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Does My Title Leave You Disgruntled?

This week we’re looking at an important subject that relates to how we go about looking for and evaluating potential resources to work with.

OK, it’s actually all about people, and how we get to know them and decide if we want to work with them.

Long time readers know about my penchant for creating acronyms or mnemonics to remember things, and this one, “kilter” is a bit of a stretch, I’ll admit.

The fact that we typically talk about its opposite, i.e. “off kilter” or “out of kilter” reminded me of another common word whose opposite doesn’t really sound right or even exist.

If this has you disgruntled, I invite you to consider its positive version, and imagine that it won’t leave you “gruntled”.

The Genesis of KiLTeR

Back to the subject at hand, considering people we may want to work with, and how to think about them.

For years I’ve been known to speak about people while noting whether or not I “know” them, “like” them, and “trust” them.

Whenever anyone brings up the name of someone and asks for my opinion, my go-to reflex is to share that they tick these three boxes, if that is in fact true.

“Oh yes, I know her, like her and trust her”, which typically leads to a nice exchange, and which presumably gives comfort to the other person.

That covers the K, L, and T, and more recently I’ve added the R, for respect.

Let’s break down all four now.

Knowing Someone Who Can Help

Naturally we need to start with whether or not you know someone, which seems straightforward.

Of course there are different levels of knowing someone, running from simple name recognition to whether or not you’ve spent the night at someone’s home and know their family members.

As someone who puts lots of content out there, many people “know” me, which is all by design, but most readers don’t get too far beyond knowing my work and into knowing the real me.

Liking Them Enough to Want to Bring Them In

Whether or not you like someone can also be tricky, as there are lots of people for whom my opinion has changed over time, and in both directions.

But if I don’t currently like someone, chances are that I don’t want to spend much time with them or even discussing them, much less recommending to someone that they may wish to work with them.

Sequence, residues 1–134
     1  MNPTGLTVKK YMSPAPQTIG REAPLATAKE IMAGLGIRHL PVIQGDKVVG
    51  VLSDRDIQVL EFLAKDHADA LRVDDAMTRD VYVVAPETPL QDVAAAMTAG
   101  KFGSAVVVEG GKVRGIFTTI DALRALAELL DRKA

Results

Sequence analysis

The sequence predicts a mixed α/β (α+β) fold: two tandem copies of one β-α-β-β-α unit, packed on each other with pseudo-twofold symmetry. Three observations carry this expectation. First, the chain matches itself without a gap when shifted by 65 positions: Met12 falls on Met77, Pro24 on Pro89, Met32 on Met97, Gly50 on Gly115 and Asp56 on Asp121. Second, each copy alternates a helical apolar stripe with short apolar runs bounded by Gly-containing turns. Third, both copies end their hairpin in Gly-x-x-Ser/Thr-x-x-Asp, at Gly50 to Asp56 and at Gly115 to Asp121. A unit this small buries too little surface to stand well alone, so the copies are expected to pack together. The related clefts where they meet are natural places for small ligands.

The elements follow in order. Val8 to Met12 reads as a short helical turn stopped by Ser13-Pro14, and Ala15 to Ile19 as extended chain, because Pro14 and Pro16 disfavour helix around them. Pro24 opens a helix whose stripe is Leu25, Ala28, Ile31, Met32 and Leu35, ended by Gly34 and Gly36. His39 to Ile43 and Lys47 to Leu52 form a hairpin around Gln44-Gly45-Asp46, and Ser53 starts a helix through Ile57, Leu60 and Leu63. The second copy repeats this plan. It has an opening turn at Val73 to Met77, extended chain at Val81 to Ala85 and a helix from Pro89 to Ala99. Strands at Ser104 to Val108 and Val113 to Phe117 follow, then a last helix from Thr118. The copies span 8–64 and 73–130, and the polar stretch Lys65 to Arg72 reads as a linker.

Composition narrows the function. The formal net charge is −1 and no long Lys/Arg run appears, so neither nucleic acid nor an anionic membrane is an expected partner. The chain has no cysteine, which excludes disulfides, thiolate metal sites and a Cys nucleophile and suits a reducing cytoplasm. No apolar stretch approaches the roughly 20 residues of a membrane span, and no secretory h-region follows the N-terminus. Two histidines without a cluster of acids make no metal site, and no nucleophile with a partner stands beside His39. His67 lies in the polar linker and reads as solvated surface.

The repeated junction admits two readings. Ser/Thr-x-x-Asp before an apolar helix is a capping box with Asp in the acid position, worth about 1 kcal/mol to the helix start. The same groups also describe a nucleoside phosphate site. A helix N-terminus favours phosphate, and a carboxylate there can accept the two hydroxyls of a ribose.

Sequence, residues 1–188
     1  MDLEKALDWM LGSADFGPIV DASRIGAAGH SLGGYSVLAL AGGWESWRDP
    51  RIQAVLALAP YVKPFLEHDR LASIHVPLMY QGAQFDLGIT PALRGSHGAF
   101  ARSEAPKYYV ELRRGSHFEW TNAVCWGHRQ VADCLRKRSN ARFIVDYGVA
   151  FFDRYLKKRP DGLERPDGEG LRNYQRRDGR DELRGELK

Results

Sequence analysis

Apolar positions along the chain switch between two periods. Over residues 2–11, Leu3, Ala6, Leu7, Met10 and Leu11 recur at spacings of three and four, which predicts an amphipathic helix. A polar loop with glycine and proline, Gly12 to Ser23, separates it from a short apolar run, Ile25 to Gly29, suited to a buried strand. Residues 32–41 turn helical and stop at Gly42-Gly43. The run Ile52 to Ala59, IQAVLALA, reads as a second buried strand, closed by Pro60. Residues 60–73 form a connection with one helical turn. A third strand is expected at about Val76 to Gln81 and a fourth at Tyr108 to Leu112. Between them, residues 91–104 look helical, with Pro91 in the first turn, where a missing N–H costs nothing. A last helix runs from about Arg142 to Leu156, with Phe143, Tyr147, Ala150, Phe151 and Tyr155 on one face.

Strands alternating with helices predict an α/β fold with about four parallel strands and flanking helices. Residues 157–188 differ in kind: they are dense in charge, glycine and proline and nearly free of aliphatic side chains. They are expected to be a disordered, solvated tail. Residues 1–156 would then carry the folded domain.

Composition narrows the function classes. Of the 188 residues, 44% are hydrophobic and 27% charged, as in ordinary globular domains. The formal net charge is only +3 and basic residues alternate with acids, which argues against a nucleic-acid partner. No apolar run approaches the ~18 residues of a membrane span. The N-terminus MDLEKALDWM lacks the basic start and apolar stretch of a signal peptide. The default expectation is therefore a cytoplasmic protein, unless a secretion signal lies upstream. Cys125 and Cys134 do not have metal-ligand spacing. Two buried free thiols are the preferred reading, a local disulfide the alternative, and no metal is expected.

Trusting Them to Serve Your Client Well

Now we’re getting into the more important areas, and sharing whether or not you trust someone.

Again, this is not as simple as it might appear.

I trust my mother implicitly, but that doesn’t mean that I’d recommend you work with her to solve a computer issue.

I’m trying to make the point that when weighing the question of trust, it’s pretty important to understand the task at hand and the particular circumstances that need to be dealt with.

There are lots of people I know and like, but the number of them that I also trust, especially when you’re looking at particularly tricky situations, is a much smaller subset.

So when asking about trust, make sure you clarify “trust them for what?”

Respecting Their Work No Matter What

So we’ve now arrived at the latest addition to my list to complete KiLTeR, respect.

In many ways it’s the perfect capstone, but in others it may not actually be a good fit.

Presumably, if I know, like, and trust someone, I’ll probably respect them too. But it feels like there’s another level there, and maybe it’s something that needs to be built up towards over time.

Part of me feels like respect grows with time and repetition, but maybe that applies to trust too(?)

And that doesn’t even cover people you respect even though you might not know them or like them, which is also possible.

The High Bar of All Four

In the end though, if someone ticks all four of those boxes, that’s a pretty high bar

Getting to know someone is more fun when you also instantly like them, and then the more you get to know them, hopefully the trust and respect will grow as well.

Circling back to my title, about seeking resources, my hope is that my “kilter” mnemonic will be helpful in creating a sort of check list you can use.